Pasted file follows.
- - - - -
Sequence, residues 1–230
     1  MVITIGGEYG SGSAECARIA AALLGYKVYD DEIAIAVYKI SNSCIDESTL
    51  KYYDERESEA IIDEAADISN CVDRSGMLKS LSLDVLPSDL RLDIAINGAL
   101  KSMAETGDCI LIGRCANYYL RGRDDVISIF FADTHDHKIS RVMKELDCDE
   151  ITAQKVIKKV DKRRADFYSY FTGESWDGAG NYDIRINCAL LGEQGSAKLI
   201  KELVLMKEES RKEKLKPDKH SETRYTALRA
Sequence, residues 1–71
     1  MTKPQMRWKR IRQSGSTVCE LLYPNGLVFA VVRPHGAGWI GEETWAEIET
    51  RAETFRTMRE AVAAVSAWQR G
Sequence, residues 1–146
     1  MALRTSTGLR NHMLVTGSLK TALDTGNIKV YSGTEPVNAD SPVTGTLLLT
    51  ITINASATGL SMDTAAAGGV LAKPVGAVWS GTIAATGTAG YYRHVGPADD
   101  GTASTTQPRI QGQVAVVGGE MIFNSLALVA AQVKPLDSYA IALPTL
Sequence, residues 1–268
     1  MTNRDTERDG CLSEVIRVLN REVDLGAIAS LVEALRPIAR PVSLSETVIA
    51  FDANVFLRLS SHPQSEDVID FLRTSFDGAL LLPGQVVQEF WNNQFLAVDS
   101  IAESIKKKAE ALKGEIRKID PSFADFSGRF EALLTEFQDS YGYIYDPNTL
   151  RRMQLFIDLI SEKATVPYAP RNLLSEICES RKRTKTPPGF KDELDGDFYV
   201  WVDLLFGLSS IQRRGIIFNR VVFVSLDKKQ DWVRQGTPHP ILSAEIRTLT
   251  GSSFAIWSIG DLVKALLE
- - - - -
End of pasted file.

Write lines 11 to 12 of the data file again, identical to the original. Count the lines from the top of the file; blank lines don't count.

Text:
     1  MALRTSTGLR NHMLVTGSLK TALDTGNIKV YSGTEPVNAD SPVTGTLLLT
    51  ITINASATGL SMDTAAAGGV LAKPVGAVWS GTIAATGTAG YYRHVGPADD